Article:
• Measure the magnitude and direction of the ambient magnetic field.

  • Encompass a dynamic range of measurement extending from 1 nT to 16 G, per axis (1 G = 100,000 nT).

  • Provide measurement of the vector magnetic field with an absolute accuracy of 0.05 % (goal 0.01 %).

  • Provide the vector magnetic field (via spacecraft C&DH broadcast vector) to other science payloads in flight, in real time, with an accuracy of 1 %.

  • Sample the magnetic field at a (variable) rate of up to 64 vector samples/s.

  • Provide complete hardware redundancy of the magnetic field measurement.

  • Determine the attitude of the sensor platform with an accuracy of 20 arcsec.

  • Sample sensor platform attitude at a rate of up to 4 attitude solutions/s.

  • Provide complete hardware redundancy of the sensor attitude measurement.

  • Provide non-magnetic a/c heaters for sensor thermal control, under operating and non-operating conditions.

  • Operate and meet measurement requirements over environmental conditions per the Juno environmental requirements document.

The measurement system provided by the MAG investigation meets and exceeds the Project requirements with a pair of independent magnetic sensors and associated (co-located) attitude sensors with the performance characteristics listed in Table 2.
Table 2

Magnetic observatory characteristics

Sensors type:

Dual Tri-axial Ring Core Fluxgates, each with two co-located Non-Magnetic Star Cameras

Nominal Dynamic Ranges & (resolution)

Range 6:

16.384 G (±25.0 nT)

Range 5:

4.0960 G (±6.25 nT)

Range 4:

1.0240 G (±1.56 nT)

Range 2:

0.2560 G (±0.39 nT)

Range 1:

0.0640 G (±0.19 nT)

(1 Gauss = 100,000 nT)

Range 0:

0.0160 G (±0.05 nT)

FGM Absolute Vector Accuracy:

0.01 % absolute vector accuracy

FGM Intrinsic Noise Level:

≪1 nT

FGM Zero Level Stability:

<2 nT

Spacecraft Magnetic Cleanliness:

<2 nT static and <0.5 nT dynamic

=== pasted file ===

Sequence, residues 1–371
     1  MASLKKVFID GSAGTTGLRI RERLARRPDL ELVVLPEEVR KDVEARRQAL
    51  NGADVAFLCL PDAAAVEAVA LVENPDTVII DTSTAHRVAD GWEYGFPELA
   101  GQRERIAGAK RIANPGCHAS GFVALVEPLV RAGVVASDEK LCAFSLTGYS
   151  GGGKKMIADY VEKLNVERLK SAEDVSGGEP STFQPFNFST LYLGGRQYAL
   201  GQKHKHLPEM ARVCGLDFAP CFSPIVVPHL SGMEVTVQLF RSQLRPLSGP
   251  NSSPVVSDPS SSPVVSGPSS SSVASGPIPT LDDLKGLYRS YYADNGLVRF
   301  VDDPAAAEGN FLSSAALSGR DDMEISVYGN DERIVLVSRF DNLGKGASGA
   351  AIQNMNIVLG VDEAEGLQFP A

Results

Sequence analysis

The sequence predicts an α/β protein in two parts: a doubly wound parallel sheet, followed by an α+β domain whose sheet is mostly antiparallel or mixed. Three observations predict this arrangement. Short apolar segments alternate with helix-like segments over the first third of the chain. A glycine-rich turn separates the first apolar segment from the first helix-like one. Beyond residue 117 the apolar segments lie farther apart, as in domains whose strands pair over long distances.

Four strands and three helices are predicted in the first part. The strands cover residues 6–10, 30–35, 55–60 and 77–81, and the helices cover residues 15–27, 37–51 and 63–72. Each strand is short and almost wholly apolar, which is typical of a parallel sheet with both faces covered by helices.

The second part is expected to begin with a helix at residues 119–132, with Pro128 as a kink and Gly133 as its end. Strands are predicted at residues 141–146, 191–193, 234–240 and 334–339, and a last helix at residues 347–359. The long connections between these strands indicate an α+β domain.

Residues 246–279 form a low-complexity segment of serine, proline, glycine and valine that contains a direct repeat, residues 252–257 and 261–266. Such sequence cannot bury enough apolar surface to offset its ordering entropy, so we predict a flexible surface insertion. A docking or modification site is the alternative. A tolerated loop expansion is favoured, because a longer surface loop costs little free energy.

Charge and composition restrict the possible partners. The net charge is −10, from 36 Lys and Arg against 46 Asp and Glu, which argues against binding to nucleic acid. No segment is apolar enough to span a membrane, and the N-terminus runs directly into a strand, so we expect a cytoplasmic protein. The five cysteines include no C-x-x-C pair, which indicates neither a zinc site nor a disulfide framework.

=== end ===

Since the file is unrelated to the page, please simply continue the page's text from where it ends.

Intrinsic FGM Sample Rate:

64 vector samples/second

Advanced Stellar Compass:

Four Camera Head Units (CHUs), CCD Imager

Attitude Determination Accuracy:

20 arcsec (spin rate dependent)

Attitude Solution Rate:

4 quaternions per second

Radiation Total Ionizing Dose (TID):

>50 krad (at component level)

Resolution listed here is the quantization step size for a 16 bit analog-to-digital converter

4 Investigation Design and Spacecraft Accommodation

The Juno MAG investigation is designed to acquire highly accurate vector measurements of the magnetic field, undisturbed by spacecraft-generated magnetic fields, and to do so with redundancy. This requires the magnetic sensors to be located as far from the body of the spacecraft as is practical. Thus the Juno MAG sensors are remotely mounted (at approximately 10 m and 12 m) along a dedicated MAG boom that extends outward along the spacecraft \(+x\) axis, attached to the outer end of one of the spacecraft’s three solar array structures (Fig. 6). The fully instrumented MAG boom was designed to mimic the outermost solar array panel (of the remaining two solar array structures) in mass and mechanical deployment characteristics, utilizing the same retention and release devices as the other solar array wings. The separated, dual magnetometer sensors provide the capability to monitor (and mitigate) spacecraft-generated magnetic fields, if any, in flight (Ness et al. 1971; Primdahl et al. 2006).
Fig. 6

Juno’s magnetometer boom, a carbon-composite, aluminum honeycomb structure supporting the two magnetometer sensor suites. The ∼4 m long structure is affixed to the outermost end of one of Juno’s three solar array wings (“wing 1”), placing the sensors at ∼10 and ∼12 m from the body of the spacecraft for magnetic cleanliness. The structure was designed to mimic the mass of a solar array panel, and deploys using the same retention and release devices as the solar array stack

Magnetic sensors alone would not be sufficient to meet the vector accuracy requirement, however, due to the uncertainty in orientation of the deployed solar array and MAG boom. The (deployed) orientation of the lengthy mechanical assembly is subject to initial deployment uncertainty and to environmental conditions and forces acting upon the assembly, none of which are adequately addressed in the clean room (and in the presence of gravity) prior to launch. It would also be impractical to construct the entire ∼4 m MAG boom with a 20 arcsec stability requirement under all environmental conditions. Therefore, each magnetic sensor is paired with a pair of attitude sensors that continuously monitor its absolute orientation in space.

The magnetic measurement is made with a vector fluxgate magnetometer (FGM) and the attitude measurements are made using non-magnetic star cameras (camera head units, or CHUs) co-located with the FGM sensor. The outboard (OB) and inboard (IB) sensor assemblies are identical. An FGM sensor and two CHUs are mounted on a composite, thermally isolated optical bench (MAG optical bench, or MOB) that is designed to hold all of the sensors in precise alignment. The CHUs measure the attitude of the sensor assembly continuously in flight to better than 20 arcsec and are used to establish, and continuously monitor, the attitude of the sensor assembly with respect to the spacecraft Stellar Reference Units (SRUs) through cruise, orbit insertion at Jupiter, and initial science orbits.